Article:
Tennessee teacher protection bill passes; Darwin’s folk are teed off
|April 10, 2012||Posted by News under Darwinism, News, science education|
In “Tennessee Evolution Bill Becomes Law After Governor Bill Haslam Declines To Act” ( The Huffington Post, 04/10/2012), Nick Wing reports,
A Tennessee bill meant to protect teachers who allow students to question and criticize “controversial” subjects such as evolution and climate change became law on Tuesday after Gov. Bill Haslam (R) declined to act.
Unclear why the scare quotes around the word, controversial. These topics are not controversial? Who knew?
The state legislature had sent the bill to Haslam earlier this month. He had until Tuesday to veto it, sign it or allow it to pass without his signature.
The bill would guarantee
that teachers will not be subject to discipline for engaging students in discussion of questions they raise, though Watson said the idea is to provide guidelines so that teachers will bring the discussion back to the subjects authorized for teaching in the curriculum approved by the state Board of Education.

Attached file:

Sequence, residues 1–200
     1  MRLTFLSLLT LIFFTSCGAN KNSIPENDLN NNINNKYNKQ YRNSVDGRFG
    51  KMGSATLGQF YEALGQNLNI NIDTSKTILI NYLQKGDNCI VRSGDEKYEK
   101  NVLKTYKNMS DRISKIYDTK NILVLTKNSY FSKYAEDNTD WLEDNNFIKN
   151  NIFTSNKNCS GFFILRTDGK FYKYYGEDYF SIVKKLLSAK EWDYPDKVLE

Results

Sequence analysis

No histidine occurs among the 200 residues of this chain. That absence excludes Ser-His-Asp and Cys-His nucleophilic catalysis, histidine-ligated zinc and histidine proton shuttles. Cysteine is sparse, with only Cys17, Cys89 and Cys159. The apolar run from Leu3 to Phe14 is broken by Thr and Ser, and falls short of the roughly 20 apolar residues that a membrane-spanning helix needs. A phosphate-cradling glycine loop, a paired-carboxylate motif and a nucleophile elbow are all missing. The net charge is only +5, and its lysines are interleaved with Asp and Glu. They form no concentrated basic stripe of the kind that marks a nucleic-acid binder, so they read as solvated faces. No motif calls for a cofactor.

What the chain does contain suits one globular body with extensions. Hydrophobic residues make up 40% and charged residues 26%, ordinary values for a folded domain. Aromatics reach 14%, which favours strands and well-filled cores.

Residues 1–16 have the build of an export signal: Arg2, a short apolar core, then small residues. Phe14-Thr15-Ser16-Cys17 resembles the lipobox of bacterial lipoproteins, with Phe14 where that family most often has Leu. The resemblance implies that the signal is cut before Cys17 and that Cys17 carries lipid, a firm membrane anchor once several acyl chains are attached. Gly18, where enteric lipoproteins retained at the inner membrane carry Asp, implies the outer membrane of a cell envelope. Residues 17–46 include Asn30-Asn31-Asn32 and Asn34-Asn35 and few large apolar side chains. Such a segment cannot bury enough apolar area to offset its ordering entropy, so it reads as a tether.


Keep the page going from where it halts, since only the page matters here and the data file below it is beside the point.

What’s interesting is how hard the Darwin lobby fought to prevent so simple a change:
Calls from civil liberties groups for a veto of the “monkey bill” in Tennessee. A new attack on science education in Oklahoma. A survey on the perceived importance of science education. The Los Angeles Times’s view of Tennessee’s antiscience legislation. The death of a second antiscience bill in Oklahoma. Views from across Tennessee on the state’s antiscience legislation. And congratulations to Lawrence Krauss.
With philosophers staring to weigh in against their straitjacket in increasing numbers, it’ll be interesting to see how long they can make people wear it.
See also: Tennessee passes a “teach the controversy” over evolution bill
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